Good morning my little cups of fiery chai, I’ve been reading some very interesting books lately.
I’m drawn to the myths of ghosts, black magic, the Devil and other spooky things, but what I really love is clearing the fog of legend and finding what’s really underneath. To me the truth behind a haunting is infinitely more interesting than the initial stories, though I respect believers of the paranormal and would never make fun of them. Each to their own.
All three of these books take incidents or places that have been imbued with supernatural meaning and show us the ‘truth.’
The story of Matthew Hopkins, the self-titled ‘Witchfinder General,’ is quite close to my heart as I live in Essex and his numerous victims were held in a castle not far from me. Witchfinders painstakingly recounts the journey he took through Essex and Suffolk, whipping the people into a frenzy of blame and fear, and on through the trials and executions themselves.
The concept of witch-hunting in the magical sense seems alien to us now but Malcolm Gaskill does a great job of explaining the world of magic people lived in and how the uncertainty of the Civil War affected them. The thorough research helped me to better understand what might have been going through the minds of each player, even Matthew Hopkins himself.
This is a fascinating tour through the most mythologised houses, hotels, hospitals and even cities of America. Drawn to the ghosts, he strips back the stories and locates the factual accounts. If it sounds like he’s made them boring, trust me, he hasn’t.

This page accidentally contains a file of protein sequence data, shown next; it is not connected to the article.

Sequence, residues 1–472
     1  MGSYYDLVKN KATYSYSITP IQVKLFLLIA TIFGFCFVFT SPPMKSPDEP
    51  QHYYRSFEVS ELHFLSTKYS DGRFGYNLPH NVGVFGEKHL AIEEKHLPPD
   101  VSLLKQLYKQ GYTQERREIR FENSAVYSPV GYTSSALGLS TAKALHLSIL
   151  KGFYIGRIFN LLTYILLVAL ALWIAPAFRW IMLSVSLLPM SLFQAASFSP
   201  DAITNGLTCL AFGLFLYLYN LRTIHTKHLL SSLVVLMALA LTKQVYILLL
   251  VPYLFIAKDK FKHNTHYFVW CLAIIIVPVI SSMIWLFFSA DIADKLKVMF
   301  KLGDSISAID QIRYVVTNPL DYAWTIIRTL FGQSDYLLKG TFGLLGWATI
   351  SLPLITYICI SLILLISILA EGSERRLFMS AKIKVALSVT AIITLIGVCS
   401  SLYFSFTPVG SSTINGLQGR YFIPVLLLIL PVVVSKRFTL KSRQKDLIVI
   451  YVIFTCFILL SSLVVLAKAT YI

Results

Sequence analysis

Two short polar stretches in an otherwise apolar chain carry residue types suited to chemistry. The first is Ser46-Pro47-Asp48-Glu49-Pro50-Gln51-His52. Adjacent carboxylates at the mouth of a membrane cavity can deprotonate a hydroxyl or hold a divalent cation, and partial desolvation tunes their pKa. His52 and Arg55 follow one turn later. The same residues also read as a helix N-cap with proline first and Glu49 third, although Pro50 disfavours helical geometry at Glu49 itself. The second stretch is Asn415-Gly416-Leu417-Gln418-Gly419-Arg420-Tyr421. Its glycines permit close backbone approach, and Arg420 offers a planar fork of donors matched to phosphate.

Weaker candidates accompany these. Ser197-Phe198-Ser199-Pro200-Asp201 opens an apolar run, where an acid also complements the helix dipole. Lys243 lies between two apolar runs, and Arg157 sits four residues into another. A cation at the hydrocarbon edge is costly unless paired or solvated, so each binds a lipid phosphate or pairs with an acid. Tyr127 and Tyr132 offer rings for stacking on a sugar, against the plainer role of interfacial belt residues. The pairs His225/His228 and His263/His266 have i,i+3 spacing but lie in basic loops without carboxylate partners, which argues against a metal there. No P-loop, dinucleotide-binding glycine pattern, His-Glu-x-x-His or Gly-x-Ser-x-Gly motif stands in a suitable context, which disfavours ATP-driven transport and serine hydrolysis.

One example is the famous Winchester Mystery House, long believed to have been created by a widow half mad with loss and guilt over the deaths of her husband and the victims of the gun he created, building endlessly to confuse any spirits seeking revenge. But, fantastically, the tale everyone including myself assumed to be fact isn’t, and this is only one of the little surprises in its pages.
This quote sums it up very well: “More than just simple urban legends and campfire tales, ghost stories reveal the contours of our anxieties, the nature of our collective fears and desires, the things we can’t talk about in any other way. The past we’re most afraid to speak aloud of in the bright light of day is the same past that tends to linger in the ghost stories we whisper in the dark.”
You might recognise the story of Grandier, the French priest whom women loved, men hated and burned as a witch after nuns became hysterical, from the Ken Russell film The Devils (1971). You may also recognise it’s author as the infamous psychonaut and writer of The Doors of Perception.
Where the two previous books are distantly fascinated and relatively dispassionate, Aldous Huxley’s philosophy and personality runs strongly throughout. Normally I wouldn’t like this, but he’s so well read and intelligent that it doesn’t matter.